“It was about seeking protection. My father was very abusive toward me and my mother. It was about seeking refuge, not because I thought I was prepared for a home or a family,” she said.
A few months later, the two moved to the capital as a married couple. Yorllina became pregnant right away and discovered the overbearing nature of her husband, who did not let her go out with friends or choose what clothes she wore.
“It was really tough for me. And with quite a big belly, and the first time I was pregnant, and with none of my family around. I felt as if I’d been kidnapped, even though I knew the kidnapper,” Yorllina said.
At the age of 21, Yorllina left her husband and met a man who was 20 years older than she and who would become the father of her second child. But due to pressure from her father, the relationship ended.
Years later, she met a man her age who later became the father of her third child, although that relationship also fell apart due to his infidelities.
Yorllina now lives alone with her three children in a house with cement walls and a tin roof that looks out onto a dirt road in her hometown.
One of the most palpable consequences of early unions are teen pregnancies, which entail greater risk for both the mother and the fetus.
Nearly one-fifth (19.1 percent) of Dominican women and girls 19 years and younger have been pregnant at one time in their lives, according to the Enhogar official survey that was published in September.
Three of every four teen pregnancies in that Caribbean nation, moreover, are the result of an early union.
At the age of just 15, Maiky Adames became pregnant with twins. But one of them died during the Caesarian section that was performed before she was eight months pregnant, a surgery she almost did not survive.
“The boy lasted 17 days in the incubator. He was dying, then he would make a recovery …,” Maiky recalled. After multiple hospitalizations, her child was finally out of danger. Even so, the lasting effects of that episode for him include difficulty speaking and 75 percent hearing loss.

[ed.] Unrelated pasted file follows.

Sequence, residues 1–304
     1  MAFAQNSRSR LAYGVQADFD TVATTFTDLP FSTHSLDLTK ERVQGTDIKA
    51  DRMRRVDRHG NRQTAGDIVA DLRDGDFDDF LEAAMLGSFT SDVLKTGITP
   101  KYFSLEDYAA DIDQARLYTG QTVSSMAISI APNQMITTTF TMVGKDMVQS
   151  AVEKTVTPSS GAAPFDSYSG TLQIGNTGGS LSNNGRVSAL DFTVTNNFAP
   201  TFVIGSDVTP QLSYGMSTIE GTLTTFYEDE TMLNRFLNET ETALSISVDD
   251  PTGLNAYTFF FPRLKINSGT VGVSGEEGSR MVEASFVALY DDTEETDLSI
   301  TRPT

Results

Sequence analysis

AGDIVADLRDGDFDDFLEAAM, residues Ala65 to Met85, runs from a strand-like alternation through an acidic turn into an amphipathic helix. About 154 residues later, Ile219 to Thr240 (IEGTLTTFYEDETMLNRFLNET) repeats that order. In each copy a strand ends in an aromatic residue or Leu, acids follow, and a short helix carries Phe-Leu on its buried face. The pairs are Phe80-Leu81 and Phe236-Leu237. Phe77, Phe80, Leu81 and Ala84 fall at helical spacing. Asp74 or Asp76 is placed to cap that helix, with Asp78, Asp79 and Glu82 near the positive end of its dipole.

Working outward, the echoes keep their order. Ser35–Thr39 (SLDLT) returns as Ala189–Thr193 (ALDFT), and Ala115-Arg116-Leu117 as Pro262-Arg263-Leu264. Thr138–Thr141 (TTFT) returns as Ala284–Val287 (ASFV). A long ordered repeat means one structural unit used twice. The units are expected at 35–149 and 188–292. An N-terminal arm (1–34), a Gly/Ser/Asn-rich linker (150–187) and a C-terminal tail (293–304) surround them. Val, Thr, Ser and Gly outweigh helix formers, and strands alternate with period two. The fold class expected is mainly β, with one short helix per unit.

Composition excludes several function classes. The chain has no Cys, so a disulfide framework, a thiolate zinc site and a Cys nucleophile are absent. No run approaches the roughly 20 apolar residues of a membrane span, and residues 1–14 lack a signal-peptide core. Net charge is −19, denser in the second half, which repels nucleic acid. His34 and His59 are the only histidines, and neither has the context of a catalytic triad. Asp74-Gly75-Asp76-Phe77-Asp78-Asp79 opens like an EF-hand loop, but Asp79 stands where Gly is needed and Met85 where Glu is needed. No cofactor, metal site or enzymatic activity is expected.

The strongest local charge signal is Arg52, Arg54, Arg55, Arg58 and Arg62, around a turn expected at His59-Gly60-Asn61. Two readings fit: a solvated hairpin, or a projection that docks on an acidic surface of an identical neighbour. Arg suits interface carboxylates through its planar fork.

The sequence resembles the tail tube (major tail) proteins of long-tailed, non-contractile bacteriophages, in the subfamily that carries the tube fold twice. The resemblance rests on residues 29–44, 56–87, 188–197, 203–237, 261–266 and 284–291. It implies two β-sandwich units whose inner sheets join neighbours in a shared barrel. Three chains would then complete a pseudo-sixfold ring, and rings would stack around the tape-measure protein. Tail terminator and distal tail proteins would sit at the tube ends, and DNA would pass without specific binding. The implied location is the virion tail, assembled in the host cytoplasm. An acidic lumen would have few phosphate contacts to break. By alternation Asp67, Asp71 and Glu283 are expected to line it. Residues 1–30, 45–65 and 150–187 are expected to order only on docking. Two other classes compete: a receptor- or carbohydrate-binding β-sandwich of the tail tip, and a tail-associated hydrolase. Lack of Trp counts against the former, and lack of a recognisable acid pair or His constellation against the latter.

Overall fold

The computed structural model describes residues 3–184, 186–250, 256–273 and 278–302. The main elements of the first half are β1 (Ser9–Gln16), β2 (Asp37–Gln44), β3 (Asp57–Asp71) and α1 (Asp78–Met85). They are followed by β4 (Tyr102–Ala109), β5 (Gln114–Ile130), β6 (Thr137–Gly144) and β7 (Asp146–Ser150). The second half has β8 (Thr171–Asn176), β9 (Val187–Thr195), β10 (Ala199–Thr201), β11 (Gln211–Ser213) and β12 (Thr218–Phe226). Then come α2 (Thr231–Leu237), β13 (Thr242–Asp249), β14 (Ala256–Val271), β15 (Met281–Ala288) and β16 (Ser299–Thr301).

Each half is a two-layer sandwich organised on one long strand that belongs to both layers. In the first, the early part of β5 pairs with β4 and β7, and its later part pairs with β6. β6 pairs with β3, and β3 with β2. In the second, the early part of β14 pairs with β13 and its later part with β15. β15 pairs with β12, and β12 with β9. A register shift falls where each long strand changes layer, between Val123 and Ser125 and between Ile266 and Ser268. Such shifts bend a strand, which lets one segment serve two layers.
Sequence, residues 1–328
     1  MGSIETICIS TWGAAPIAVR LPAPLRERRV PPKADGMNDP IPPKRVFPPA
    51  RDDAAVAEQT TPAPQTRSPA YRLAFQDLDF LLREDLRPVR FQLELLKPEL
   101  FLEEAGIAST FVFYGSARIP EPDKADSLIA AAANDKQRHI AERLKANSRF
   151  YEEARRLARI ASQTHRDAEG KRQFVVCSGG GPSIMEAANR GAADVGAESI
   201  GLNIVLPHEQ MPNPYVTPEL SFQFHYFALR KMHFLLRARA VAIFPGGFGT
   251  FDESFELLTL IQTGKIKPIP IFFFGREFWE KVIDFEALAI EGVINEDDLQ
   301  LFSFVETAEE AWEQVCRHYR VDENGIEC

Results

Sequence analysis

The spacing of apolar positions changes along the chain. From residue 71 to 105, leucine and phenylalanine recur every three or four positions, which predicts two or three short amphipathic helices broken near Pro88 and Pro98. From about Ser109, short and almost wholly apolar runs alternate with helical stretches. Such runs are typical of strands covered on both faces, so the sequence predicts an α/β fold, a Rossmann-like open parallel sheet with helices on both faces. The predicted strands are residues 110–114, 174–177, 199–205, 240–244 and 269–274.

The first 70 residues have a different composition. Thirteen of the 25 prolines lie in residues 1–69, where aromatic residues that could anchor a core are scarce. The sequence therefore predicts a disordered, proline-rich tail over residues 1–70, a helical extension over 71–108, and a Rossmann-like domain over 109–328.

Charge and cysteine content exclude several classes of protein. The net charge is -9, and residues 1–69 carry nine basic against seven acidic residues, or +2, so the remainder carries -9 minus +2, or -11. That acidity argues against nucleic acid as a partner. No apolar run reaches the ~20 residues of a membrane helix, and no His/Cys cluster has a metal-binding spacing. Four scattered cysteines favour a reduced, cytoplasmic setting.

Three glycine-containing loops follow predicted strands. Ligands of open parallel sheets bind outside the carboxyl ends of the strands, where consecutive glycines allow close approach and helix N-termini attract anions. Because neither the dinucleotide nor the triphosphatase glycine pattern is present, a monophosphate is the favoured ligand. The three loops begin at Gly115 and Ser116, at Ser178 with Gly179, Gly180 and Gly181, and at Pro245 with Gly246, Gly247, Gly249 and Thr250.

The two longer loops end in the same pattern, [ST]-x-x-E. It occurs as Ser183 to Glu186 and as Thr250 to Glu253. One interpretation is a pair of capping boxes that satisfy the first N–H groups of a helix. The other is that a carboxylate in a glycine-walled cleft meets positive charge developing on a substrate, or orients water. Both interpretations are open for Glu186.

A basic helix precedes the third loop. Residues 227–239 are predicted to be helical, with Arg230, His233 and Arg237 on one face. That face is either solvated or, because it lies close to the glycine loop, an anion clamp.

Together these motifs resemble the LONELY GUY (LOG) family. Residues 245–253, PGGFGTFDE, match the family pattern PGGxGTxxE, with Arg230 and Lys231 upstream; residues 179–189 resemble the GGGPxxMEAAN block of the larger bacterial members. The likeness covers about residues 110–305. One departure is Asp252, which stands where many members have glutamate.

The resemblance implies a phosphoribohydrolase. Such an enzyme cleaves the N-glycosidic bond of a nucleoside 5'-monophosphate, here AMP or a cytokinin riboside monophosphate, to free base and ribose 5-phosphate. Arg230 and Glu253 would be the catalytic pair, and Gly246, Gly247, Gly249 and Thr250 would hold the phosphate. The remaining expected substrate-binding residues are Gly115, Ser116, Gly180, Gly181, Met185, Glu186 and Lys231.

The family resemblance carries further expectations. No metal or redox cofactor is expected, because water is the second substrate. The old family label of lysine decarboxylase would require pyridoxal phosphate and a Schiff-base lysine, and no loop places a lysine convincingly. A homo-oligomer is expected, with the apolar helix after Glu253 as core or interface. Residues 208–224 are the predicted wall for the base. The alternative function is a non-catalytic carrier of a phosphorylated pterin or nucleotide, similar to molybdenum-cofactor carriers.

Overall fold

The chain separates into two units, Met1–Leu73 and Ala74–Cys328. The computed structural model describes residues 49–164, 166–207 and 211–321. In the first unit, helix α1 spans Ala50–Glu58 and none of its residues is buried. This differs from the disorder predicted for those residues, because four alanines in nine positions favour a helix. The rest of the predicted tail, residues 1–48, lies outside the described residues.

“It was a very difficult process that not all young women would tolerate,” she said.
Another of the most obvious consequences for women of early unions is poverty. The need to raise and provide for their children, often without the father’s presence, leaves many of these young women mired in dire economic circumstances.
Case in point is the situation of Jeidy Dotel. The relationship with her first partner ended just after she turned 17 and their baby was just “six or seven months” old. She had no choice but to leave aside her studies to care for her infant.
“I had to give up my studies for two years. I had to finish high school really informally, just going once a week … Then I enrolled in university, I left university, later I returned and re-enrolled…,” she said.
Years later, after marrying a second time, she finally earned her degree in childhood education.
Jeidy has been unable to start her career as a teacher due to the pandemic, but in the meantime, she has been using an alphabet and multiplication table to provide instruction to her own children while also helping her husband run the small food shop they operate outside their modest home in Las Maguanas, a town in the western province of San Juan.
Like Jeidy, Natalia, Yorllina and Maiky also interrupted their studies due to relationships that quickly led to pregnancies.